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ARS Home » Southeast Area » Dawson, Georgia » National Peanut Research Laboratory » Research » Publications at this Location » Publication #71857


item Butts, Christopher - Chris

Submitted to: Peanut Science
Publication Type: Peer Reviewed Journal
Publication Acceptance Date: 9/20/1996
Publication Date: N/A
Citation: N/A

Interpretive Summary: Tests were conducted to quantify the costs and benefits of curing peanuts using air heated so that the relative humidity was between 40 and 60%. Drying time increased from 18 hours to 29 hours when the carefully controlled drying technique was used. To handle the same amount of peanuts in the same amount of time as when the conventional drying method was used, a peanut buying point would have to purchase more dryers. This cost could be offset by savings in heating fuel and improved shelling characteristics. A buying point could save approximately $4.50 per metric ton of peanuts dried by using the improved control strategy. A sheller could improve net revenue on shelled peanuts by about $18 per metric ton of farmers stock peanuts cured using the improved drying technique.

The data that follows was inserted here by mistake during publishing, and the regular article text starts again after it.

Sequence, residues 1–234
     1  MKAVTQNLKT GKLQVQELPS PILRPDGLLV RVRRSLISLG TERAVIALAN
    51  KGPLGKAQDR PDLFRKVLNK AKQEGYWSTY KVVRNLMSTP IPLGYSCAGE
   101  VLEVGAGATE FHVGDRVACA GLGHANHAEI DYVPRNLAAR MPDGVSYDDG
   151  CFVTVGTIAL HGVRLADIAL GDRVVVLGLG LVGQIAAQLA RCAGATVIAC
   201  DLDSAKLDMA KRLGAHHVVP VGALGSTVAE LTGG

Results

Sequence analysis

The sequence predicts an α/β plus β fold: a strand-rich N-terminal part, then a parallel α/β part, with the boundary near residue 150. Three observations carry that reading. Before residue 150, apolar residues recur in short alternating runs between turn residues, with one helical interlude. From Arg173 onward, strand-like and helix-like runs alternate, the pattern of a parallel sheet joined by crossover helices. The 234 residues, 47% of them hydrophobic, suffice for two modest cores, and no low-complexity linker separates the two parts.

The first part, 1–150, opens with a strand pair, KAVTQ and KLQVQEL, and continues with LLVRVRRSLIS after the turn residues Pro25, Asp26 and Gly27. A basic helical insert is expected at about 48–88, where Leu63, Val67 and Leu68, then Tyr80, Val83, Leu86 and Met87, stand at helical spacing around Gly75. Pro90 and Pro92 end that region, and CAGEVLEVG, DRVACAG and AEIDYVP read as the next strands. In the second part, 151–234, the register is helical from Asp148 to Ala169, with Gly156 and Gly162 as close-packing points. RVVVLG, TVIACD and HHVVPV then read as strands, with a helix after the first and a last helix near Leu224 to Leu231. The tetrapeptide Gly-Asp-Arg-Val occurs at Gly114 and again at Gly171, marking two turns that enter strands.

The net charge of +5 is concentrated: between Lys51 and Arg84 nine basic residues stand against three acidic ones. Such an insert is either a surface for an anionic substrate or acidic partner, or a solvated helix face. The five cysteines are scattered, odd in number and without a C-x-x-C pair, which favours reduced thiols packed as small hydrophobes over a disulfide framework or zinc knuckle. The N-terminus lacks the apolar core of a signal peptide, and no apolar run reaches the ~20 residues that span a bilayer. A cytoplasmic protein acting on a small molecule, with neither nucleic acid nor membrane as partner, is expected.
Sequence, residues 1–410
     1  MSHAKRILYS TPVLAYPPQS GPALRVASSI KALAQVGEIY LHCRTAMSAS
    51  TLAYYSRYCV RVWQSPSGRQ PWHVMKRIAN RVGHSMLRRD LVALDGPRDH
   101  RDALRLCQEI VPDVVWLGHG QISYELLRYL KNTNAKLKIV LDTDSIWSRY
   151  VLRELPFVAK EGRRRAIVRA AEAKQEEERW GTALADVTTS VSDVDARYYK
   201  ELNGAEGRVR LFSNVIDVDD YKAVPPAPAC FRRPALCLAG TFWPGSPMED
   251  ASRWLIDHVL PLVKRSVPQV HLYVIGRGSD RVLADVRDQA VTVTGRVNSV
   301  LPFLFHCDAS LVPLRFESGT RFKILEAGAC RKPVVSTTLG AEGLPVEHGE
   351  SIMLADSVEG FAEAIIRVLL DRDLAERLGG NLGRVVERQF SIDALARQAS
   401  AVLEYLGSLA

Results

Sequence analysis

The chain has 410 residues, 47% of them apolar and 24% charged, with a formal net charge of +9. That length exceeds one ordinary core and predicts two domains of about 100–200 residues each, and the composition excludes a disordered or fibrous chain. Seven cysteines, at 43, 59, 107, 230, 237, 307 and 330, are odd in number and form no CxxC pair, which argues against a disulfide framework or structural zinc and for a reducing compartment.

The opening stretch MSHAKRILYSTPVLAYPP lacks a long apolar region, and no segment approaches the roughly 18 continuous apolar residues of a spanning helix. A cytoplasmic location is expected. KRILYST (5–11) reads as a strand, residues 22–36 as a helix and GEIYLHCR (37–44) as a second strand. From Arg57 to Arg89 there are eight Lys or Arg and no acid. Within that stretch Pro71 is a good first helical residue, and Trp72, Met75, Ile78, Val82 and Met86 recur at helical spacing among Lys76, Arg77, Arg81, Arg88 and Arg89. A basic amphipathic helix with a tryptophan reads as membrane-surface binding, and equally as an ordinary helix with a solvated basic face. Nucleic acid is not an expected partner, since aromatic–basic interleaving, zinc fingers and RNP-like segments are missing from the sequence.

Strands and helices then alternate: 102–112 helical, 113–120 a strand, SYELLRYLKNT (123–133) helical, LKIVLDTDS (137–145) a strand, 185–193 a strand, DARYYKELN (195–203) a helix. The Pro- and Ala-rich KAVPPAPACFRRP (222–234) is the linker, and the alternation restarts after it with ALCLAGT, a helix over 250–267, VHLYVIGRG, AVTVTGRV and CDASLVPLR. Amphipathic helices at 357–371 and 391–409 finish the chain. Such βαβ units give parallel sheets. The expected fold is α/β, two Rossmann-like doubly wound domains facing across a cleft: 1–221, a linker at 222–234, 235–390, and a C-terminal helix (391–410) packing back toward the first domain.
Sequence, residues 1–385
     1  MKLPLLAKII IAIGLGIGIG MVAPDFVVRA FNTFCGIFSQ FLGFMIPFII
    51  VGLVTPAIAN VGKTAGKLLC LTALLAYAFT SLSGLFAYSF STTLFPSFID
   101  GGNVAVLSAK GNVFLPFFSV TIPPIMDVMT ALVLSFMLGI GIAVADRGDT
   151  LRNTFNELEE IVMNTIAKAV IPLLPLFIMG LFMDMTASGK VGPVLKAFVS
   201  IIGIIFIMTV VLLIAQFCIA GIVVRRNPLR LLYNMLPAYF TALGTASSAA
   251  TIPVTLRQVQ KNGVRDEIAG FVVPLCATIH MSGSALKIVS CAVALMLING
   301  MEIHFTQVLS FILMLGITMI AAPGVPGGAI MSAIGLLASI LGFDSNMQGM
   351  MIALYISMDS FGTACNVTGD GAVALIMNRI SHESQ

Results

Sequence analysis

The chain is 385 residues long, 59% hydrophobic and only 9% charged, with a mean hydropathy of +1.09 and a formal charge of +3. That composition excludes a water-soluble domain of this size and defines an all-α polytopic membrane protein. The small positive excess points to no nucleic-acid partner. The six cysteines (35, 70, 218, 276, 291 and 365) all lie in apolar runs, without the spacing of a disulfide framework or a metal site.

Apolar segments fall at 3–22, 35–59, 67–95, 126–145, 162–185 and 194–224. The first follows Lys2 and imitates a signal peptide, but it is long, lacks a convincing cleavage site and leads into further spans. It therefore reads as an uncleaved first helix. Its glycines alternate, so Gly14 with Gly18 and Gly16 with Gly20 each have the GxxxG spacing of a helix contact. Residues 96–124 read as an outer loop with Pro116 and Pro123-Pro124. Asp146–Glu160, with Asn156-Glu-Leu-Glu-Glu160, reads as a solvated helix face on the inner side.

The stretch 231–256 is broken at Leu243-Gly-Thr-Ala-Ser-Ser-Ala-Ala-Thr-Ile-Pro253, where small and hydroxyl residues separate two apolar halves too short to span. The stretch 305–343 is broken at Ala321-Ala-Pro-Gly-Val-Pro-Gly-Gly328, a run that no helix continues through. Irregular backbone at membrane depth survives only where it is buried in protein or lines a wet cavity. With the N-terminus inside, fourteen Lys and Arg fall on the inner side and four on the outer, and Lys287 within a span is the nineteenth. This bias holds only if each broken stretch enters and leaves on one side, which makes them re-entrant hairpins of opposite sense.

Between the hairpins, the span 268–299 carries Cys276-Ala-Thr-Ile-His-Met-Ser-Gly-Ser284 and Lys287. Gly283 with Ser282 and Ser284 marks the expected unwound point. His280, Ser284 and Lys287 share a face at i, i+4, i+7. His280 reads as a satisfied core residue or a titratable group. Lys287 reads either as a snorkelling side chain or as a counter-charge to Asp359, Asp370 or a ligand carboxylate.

Technical Abstract: Peanuts were mechanically cured from field moisture contents ranging from 11.5 to 32.8% wet basis to levels suitable for long-term storage using two dryer control strategies. The first control algorithm consisted of a constant thermostat setting of 39 C, while the second required manual thermostat control on an hourly basis such that theminimum plenum relative humidity was between 40 and 60% and the maximumplenum temperature was less than 39 C. The average drying rate using the variable thermostat set point of 0.3%/h was half that obtained with the constant set point. Average curing time for the variable thermostat setting was 56% longer than for the peanuts cured using the constant thermostat. Fuel consumption was reduced by approximately 30% using the variable set point. Kernel size distributions and milling quality indicated by bald kernels were significantly better for peanuts cured using the variable thermostat control. Increasing available dryers by 40% would allow the buying point manager to handle the same amount of peanuts during the same harvest interval. Economic analysis showed that the capital cost for additional drying equipment could be regained in the first year in energy savings alone. A sheller could realize an increase in net profits of approximately $18 per Mg of farmers stock peanuts cured by using a variable thermostat set point from increased shelled product value.